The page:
Here in the UK today, the main headline in our news is the aeroplane which crash-landed at London Heathrow Airport. I think it’s fair to say that us Brits have somewhat of an obsession with aviation, probably thanks to those engineers and service men responsible for the defence of Britain during the second world war. Whenever an amateur pilot encounters a problem with their aircraft, it will usually make national news, although naturally such false factors as the perceived importance of those involved will often dictate the degree of air time devoted to their plight.
However, my view of aviation is undoubtedly distorted, given that my dad worked as an air traffic controller for forty years. Whenever anything aviation-related made news, I have been privileged to have the knowledge of a professional view of a situation to call upon, for as an analytical thinker I do value any opportunity to establish what’s really going on.
Let’s return to this particular crash. What do we know?
- A British Airways airliner crash-landed.
- Everyone on board survived and escaped without serious injury.
- The cause of the accident is currently unknown.
- The cause can be and will be found out, once materials such as the flight instrument data have been fully analysed.
Here are a few other things we can also fairly safely assume.
- While many of us know how to drive a car, few of us know how to fly a commercial airliner.
- As in any industry, there are a multitude of technical terms and procedures associated with flying. I don’t intend to insult the intelligence of anyone with experience of working in aviation, nor do I wish to embarrass myself with my complete ignorance of most of it. I have enough trouble getting my head around three-dimensional movements!
Given all I’ve said so far, why is it that in the whole of this afternoon’s media coverage, I’ve not noticed the BBC make any attempt to probe this incident by consulting anyone from the aviation industry? On one hand, we should be reassured by this absence of experts from our media coverage, since their wisdom is needed elsewhere in making sure that normal operations around our airports and airspace may be restored. Yet there are folks, such as my dad, who have retired from a life’s service to aviation. Why were their views not sort? Instead, all I heard questioned on the radio were views from those who saw the accident. But unless they were on board the plane and could see both of its engines and examine the flight instruments first hand, what can they tell us? We already know that the plane crashed, but only an aviation expert such as a pilot is qualified to analyse this information and make valid conclusions from it. In the space of a few minutes, I heard BBC journalists describe the crash as an emergency landing, a crash landing, a catastrophic failure from a few hundred feet above the built up area that surrounds the airport, and an incredibly lucky escape for a plane which was just a few feet above the ground while still a couple of miles away from the runway. This contempt of the truth only serves to confuse the audience. If we don’t know what’s going on, why is it considered disgraceful to admit as much?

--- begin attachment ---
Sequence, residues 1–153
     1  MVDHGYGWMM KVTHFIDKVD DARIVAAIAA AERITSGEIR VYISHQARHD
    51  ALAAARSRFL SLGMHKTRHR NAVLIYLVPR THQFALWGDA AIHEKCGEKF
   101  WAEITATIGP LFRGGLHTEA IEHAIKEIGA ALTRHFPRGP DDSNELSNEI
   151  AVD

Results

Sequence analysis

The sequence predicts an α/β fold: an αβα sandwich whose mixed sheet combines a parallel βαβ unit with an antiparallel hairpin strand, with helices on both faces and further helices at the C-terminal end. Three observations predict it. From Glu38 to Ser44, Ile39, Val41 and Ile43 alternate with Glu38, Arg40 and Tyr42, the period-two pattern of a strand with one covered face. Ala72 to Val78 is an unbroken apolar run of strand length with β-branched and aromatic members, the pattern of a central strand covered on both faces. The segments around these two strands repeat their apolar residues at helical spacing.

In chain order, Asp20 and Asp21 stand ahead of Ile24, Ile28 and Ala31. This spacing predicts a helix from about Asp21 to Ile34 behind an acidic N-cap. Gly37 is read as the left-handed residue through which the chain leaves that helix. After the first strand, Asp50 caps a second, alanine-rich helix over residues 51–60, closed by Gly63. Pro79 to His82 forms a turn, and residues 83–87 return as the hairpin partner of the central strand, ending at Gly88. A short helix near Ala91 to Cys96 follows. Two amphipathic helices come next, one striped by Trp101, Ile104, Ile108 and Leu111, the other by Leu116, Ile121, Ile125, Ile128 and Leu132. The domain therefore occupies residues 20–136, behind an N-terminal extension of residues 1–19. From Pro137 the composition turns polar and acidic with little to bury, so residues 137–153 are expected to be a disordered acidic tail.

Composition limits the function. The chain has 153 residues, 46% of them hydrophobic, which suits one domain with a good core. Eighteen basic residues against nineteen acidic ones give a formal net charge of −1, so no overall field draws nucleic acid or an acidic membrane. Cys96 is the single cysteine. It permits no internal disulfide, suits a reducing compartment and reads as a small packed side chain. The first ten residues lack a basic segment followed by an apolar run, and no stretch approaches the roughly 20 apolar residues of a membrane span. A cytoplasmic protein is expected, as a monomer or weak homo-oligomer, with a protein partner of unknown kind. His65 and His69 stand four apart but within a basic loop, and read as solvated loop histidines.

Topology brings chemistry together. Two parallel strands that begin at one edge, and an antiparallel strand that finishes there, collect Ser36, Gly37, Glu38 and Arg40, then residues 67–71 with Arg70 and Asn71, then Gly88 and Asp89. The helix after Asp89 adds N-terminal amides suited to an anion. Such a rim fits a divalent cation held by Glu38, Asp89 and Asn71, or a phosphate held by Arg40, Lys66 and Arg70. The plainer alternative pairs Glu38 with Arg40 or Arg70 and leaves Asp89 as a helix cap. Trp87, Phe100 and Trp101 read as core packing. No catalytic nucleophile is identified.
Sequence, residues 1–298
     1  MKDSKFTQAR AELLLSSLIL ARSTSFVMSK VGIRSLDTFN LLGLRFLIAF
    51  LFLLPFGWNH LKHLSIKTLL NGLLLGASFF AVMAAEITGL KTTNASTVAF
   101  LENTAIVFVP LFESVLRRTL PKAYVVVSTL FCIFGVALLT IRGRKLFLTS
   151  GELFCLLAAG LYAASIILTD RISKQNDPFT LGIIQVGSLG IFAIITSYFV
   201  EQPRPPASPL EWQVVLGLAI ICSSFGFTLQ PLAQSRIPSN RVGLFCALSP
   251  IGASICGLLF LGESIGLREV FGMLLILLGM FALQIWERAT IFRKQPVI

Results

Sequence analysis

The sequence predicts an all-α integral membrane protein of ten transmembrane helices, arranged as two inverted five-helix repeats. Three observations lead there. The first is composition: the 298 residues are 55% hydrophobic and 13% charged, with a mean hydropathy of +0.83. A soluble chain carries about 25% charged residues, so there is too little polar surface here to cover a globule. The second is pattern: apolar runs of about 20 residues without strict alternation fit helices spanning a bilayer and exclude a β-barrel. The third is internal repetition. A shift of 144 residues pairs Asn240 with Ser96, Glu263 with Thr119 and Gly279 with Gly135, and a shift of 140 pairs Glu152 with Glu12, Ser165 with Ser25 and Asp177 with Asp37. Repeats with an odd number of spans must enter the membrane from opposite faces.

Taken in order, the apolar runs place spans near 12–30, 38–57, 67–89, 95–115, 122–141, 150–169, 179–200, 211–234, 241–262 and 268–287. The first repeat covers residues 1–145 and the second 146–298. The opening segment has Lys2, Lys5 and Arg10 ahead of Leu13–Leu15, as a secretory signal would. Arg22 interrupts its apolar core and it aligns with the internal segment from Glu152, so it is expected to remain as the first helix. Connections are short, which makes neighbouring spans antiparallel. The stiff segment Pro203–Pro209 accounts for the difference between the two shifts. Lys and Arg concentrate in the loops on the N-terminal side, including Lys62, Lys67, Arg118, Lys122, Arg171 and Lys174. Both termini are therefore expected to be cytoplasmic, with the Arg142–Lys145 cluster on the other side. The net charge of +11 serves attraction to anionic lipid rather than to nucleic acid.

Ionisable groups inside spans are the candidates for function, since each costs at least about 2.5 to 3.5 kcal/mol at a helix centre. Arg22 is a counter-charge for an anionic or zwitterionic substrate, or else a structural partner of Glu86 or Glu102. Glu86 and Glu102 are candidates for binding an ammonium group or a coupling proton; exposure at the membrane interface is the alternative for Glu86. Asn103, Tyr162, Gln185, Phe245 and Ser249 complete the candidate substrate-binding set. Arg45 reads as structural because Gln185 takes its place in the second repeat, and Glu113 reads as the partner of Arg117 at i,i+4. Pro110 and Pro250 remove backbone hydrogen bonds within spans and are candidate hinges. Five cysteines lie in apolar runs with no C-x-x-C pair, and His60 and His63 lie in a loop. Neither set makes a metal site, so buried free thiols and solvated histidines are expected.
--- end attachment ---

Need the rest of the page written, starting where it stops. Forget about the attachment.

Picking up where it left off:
There are issues of competition between news agencies which must not be forgotten. If Joe Blogs the reporter doesn’t know what to make of what’s happened, you can bet your bottom dollar that John Block might, leading to a loss of respect and audience for Mr. Blogs.
I only feel compelled to write in here though as one factor, that of the British weather, was not explored at all. Power failures, engine trouble and all sorts of other rather dramatic possibilities have been analysed by these journalists. But not the weather.
On this occasion, dad was very lucky, not least because he wasn’t on duty! But as it happens, he flew back into the country and into Heathrow, minutes before the crash. He noticed that wind seemed to be affecting the horizontal balance of his aircraft when it came in to land. He told me as much when I rang him, after I heard about it. So I proceeded to try and contact the BBC. I left voice messages, sent texts and emails, inviting them to seek the professional opinion of an air traffic controller. Dad also composed several detailed correspondences for the BBC’s benefit when he returned home. Nothing happened.
“So what?” you ask. “Surely they can’t be expected to get in touch with everyone,” and you’d be right. But in all that time, they managed to track down several passengers, a cabby and a few other people who observed the event from the odd car park or back garden.
We can’t dismiss any source of data until we begin analysing it, so I’m not going to criticise the BBC for concentrating on tracking down those who might have observed the crash. What infuriates me is their complete failure to consult anyone who might have helped piece together the information as it became available. Analysis of such a unique situation performed by those of us unfamiliar with this sort of data is bound to lead to inaccurate and irresponsible conclusions. Yet perhaps more worryingly, we’re ready to embrace these analyses as the truth!
Given that we suspect our media of failing to consult experts when analysing an aviation matter, it’s almost tempting to question their authority in piecing together other circumstances, although I’m obviously only speculating here. What I can’t help but wonder is if the media are not at least partly responsible for the synical attitude adopted by many of us, according to various examples of market research, toward issues such as politics, crime and the social responsibility of our youth (for want of better examples).
End of Rant